More Manitoba families relying on food banks
Sharing a turkey dinner with loved ones is something to be thankful for, but for a growing number of Manitobans that’s becoming a luxury too expensive to afford.
More people in the province are relying on soup kitchens to provide them with the meals they need, according to Winnipeg Harvest.
Since 2008, food bank usage in the province has climbed nearly 58 per cent, with 41 per cent of their clients being children.
“We did see a spike over the summer of 50 per cent over the same period as last year and part of that we know is because some of our food banks don’t run over the summer so people are coming here and also the snack programs and breakfast programs feeding kids during the school year are not functioning,” Kate Brenner, the Executive Director of Winnipeg Harvest said.
Thursday Agape Table held their Thanksgiving feast, expected to serve more than 600 plates of food, giving people like Colleen McManus and her sons a chance to have a special Thanksgiving meal.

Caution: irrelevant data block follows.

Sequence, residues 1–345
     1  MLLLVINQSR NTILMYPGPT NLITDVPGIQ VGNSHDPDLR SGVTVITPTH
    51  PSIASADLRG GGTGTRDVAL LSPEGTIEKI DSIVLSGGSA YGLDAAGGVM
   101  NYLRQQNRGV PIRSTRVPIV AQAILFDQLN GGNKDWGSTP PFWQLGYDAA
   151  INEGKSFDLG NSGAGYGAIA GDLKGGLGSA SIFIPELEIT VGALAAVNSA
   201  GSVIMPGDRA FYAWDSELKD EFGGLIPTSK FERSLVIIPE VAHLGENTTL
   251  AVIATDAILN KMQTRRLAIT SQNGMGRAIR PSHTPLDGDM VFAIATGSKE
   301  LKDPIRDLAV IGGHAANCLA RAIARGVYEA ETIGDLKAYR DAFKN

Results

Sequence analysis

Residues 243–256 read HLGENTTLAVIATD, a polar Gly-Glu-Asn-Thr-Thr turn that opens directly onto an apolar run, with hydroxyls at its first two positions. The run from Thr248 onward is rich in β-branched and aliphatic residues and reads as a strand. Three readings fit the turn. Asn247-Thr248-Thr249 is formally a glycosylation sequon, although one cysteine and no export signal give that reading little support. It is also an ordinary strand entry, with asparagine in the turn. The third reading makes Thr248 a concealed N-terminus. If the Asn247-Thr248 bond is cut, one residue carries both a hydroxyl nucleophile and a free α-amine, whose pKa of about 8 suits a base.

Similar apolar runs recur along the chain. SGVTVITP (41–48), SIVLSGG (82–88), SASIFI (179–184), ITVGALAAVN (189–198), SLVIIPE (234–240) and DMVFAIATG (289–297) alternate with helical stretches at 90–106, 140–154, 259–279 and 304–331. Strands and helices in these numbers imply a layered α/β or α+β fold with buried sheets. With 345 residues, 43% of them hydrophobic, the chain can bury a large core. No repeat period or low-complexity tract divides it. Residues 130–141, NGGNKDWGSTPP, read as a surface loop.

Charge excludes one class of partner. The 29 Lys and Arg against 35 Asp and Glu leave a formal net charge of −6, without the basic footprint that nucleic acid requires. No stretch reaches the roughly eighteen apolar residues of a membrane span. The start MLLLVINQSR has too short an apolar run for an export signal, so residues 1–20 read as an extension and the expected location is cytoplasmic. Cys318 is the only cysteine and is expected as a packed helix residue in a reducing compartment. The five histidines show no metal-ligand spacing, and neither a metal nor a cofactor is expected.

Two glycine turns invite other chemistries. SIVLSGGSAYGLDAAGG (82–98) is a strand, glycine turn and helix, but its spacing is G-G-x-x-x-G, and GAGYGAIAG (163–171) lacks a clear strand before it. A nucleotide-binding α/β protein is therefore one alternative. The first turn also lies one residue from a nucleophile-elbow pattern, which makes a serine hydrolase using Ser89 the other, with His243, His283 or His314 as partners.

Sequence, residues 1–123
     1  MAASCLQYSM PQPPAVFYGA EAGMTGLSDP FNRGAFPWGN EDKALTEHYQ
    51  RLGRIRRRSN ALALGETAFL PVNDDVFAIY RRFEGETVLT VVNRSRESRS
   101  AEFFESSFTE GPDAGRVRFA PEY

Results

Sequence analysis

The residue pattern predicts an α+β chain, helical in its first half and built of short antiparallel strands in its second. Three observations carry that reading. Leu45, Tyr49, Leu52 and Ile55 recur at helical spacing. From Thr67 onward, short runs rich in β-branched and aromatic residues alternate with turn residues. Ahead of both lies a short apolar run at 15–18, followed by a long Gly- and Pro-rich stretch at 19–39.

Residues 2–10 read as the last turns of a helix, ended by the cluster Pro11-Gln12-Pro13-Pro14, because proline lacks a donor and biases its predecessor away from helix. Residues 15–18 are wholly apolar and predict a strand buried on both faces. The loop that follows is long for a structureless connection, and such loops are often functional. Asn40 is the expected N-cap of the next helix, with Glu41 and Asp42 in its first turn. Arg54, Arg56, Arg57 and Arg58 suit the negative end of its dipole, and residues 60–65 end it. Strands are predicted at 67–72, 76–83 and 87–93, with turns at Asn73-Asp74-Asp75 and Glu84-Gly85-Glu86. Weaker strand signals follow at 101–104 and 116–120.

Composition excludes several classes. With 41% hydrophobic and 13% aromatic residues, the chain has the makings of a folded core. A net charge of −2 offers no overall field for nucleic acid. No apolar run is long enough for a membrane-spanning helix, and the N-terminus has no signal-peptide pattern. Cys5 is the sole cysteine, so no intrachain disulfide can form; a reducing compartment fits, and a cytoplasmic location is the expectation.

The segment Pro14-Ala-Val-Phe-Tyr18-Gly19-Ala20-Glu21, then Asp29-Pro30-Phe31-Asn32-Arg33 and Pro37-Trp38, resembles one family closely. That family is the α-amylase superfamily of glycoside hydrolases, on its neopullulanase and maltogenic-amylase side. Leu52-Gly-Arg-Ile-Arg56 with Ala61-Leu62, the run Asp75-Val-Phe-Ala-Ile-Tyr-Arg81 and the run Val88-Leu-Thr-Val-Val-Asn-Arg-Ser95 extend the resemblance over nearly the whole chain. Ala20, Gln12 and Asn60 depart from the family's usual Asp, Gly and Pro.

“This year we couldn’t afford to do this at home. We are grateful to be able to come here today and have a beautiful meal together as a family and with our friends,” she said.
General Manager Dave Feniuk from Agape Table said they’ve seen more and more people walk through their doors.
“Over the last year we were starting at around 200 to 250 meals a day Monday to Friday. Now we’re upwards of 300 to 400 a day,” he said.
Siloam Mission is in need of adult winter boots, coats and underwear as well as socks, soup broth, coffee and laundry soap.
At Winnipeg Harvest, the need is for proteins and canned fruits and vegetables, as well as what’s on their top ten most-wanted items.
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